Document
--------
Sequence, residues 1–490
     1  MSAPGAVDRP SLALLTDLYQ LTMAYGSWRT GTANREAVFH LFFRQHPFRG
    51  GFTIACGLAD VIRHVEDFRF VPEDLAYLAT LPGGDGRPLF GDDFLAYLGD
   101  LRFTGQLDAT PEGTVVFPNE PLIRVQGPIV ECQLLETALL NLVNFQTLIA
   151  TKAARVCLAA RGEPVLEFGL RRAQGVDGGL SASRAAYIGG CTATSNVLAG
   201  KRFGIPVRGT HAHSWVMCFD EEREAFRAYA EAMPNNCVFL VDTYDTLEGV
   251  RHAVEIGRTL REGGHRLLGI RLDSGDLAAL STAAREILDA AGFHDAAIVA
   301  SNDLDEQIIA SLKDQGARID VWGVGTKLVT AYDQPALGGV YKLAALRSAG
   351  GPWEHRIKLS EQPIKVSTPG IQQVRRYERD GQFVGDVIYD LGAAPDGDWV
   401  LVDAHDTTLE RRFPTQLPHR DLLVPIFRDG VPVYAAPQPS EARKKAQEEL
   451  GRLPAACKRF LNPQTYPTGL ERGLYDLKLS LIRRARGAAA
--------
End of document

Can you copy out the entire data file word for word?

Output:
Sequence, residues 1–490
     1  MSAPGAVDRP SLALLTDLYQ LTMAYGSWRT GTANREAVFH LFFRQHPFRG
    51  GFTIACGLAD VIRHVEDFRF VPEDLAYLAT LPGGDGRPLF GDDFLAYLGD
   101  LRFTGQLDAT PEGTVVFPNE PLIRVQGPIV ECQLLETALL NLVNFQTLIA
   151  TKAARVCLAA RGEPVLEFGL RRAQGVDGGL SASRAAYIGG CTATSNVLAG
   201  KRFGIPVRGT HAHSWVMCFD EEREAFRAYA EAMPNNCVFL VDTYDTLEGV
   251  RHAVEIGRTL REGGHRLLGI RLDSGDLAAL STAAREILDA AGFHDAAIVA
   301  SNDLDEQIIA SLKDQGARID VWGVGTKLVT AYDQPALGGV YKLAALRSAG
   351  GPWEHRIKLS EQPIKVSTPG IQQVRRYERD GQFVGDVIYD LGAAPDGDWV
   401  LVDAHDTTLE RRFPTQLPHR DLLVPIFRDG VPVYAAPQPS EARKKAQEEL
   451  GRLPAACKRF LNPQTYPTGL ERGLYDLKLS LIRRARGAAA